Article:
Demand that we prove our ROI. You deserve it.

Your website can be more than a business card. It can provide a tangible return on investment. Make sure it does and don't settle for less.

Return on investment written on a chalkboard

Most organizations think of their website like they do business cards. They have a website because everyone has a website, and if you want to be a reputable business you must have one. The problem is that if you only use your website like a business card, you will never get more value from it than you do your business cards. In fact, your business cards will probably be more valuable. At least if you put a business card in a fishbowl at the restaurant, you have a chance to win a free lunch.

To start understanding how a website can be a driving force in your business, you need to start thinking of it in terms of how much return do you get on your investment. For us to be able to prove the ROI on your website, we need to define the business objectives. To define the business objectives, we need to know why you want a website as opposed to a digital business card.

Why Do you Need a Website?

We get clients all the time that tell us, “We need a website.” That’s great. But our first question is always, “Why do you need a website?” If you can’t answer that question then you’ll never know if your website is really worth the money you’re about to spend on it. So our first task is to help you figure out why you need a website.

A website can be used in so many different ways that I can’t begin to define them all. The place to start is understanding how you are currently making money without the website. If you’re a store front, the ‘why’ becomes a lot easier. You want a site in order to sell stuff online. But maybe you make money by forming relationships with your clients. Maybe you sell professional services. So to understand your business model we ask: Do you have a salesforce? Do you make a lot of cold calls? How long is your sales cycle? What does it take to close a lead?

A recent client wanted us to help them to understand how their website can help them make more money. They make money by placing workers in temporary jobs for their clients. They get paid for every worker they place. However, only about 25% of the applications they receive actually get placed. That leaves a large percent of applications that go unused. To make more money they can either increase the volume of applications or they can increase the quality of applicants. Both would increase the number of placements they make.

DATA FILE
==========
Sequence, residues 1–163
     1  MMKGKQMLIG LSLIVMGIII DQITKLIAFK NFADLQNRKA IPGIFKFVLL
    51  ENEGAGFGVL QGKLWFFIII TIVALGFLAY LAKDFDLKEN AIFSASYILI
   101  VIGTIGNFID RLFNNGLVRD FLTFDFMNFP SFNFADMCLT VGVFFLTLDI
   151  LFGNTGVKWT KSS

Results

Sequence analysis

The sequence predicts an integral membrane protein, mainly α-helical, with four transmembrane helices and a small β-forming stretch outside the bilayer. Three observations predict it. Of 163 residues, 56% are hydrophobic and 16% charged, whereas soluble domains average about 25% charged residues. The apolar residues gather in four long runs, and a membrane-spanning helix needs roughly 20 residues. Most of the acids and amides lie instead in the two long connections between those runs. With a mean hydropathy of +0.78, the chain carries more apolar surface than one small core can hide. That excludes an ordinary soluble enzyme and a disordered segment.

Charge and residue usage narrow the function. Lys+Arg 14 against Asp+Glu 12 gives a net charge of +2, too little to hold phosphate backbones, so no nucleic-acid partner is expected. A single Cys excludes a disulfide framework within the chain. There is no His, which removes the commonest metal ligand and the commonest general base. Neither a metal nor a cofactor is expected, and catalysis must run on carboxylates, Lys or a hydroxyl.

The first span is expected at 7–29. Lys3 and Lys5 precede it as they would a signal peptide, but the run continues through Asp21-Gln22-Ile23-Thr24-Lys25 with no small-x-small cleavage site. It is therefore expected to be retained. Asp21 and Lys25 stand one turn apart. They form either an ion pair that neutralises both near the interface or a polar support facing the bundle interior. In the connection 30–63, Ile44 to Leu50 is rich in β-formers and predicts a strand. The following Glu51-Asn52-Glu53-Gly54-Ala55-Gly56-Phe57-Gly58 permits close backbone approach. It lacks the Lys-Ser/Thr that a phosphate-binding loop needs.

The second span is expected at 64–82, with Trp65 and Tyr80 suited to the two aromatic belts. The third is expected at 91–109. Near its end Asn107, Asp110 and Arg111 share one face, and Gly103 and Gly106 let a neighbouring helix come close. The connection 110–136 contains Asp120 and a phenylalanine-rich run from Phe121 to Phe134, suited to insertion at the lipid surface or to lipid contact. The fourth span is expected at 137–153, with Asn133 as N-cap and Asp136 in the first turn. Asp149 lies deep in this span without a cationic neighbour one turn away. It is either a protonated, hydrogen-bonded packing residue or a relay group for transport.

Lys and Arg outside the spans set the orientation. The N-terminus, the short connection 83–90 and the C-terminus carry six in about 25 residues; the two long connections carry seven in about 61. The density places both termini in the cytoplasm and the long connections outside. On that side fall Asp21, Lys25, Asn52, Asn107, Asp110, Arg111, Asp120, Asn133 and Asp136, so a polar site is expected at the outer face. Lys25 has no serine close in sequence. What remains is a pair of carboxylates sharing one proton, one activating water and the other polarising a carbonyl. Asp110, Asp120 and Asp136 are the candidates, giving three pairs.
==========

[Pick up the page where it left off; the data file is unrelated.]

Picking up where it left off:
We decided to build the website with a goal of helping them increase the number of applications they receive by creating a simpler way to apply online. We also want to help them receive quality applicants by making it easier for the job seeker to find the job that’s right for them. In 3 months, we will review the site and make sure that it is meeting our goals.

ROI is Important and it Starts with Business Objectives

The example above shows that it’s important to always start with your business objectives. If you don’t, then you can’t be sure the website was worth it in the end. Your business objectives should be something that can be measured. If you set a business objective that can’t be measured, then don’t expect to definitively prove the ROI.

This brings me back to why I titled this post as I did. A return on investment is too important not to consider it from the beginning. That is where we want to start and you should want to start there too. When you call us, demand that we prove a ROI because in the end it’s the best thing for you. We can do it, and you deserve it. Your site is more than just a business card.

What do you think? How important is proving a ROI to you? Would you prefer to use your website like a business card? Do you have a website now and wish that you could know that you didn’t waste your money? Tell us about it in the comments below.

About Andrew

Andrew is of two minds. Part designer, part code-junkie, Andrew brings a subtle eye for detail to every project. A dangerous business, admittedly, since it requires exploration of both the left and right brain and few people return from that perilous expedition. Speaking of exploring, after college Andrew worked for the Peace Corp teaching in the African nation of Benin. After Africa, Andrew moved to London where his wife finished a Master''s degree in History, before returning to Birmingham and Infomedia. Today they've embarked on another lifelong adventure—a beautiful daughter, Olivia. See more articles from Andrew Searles

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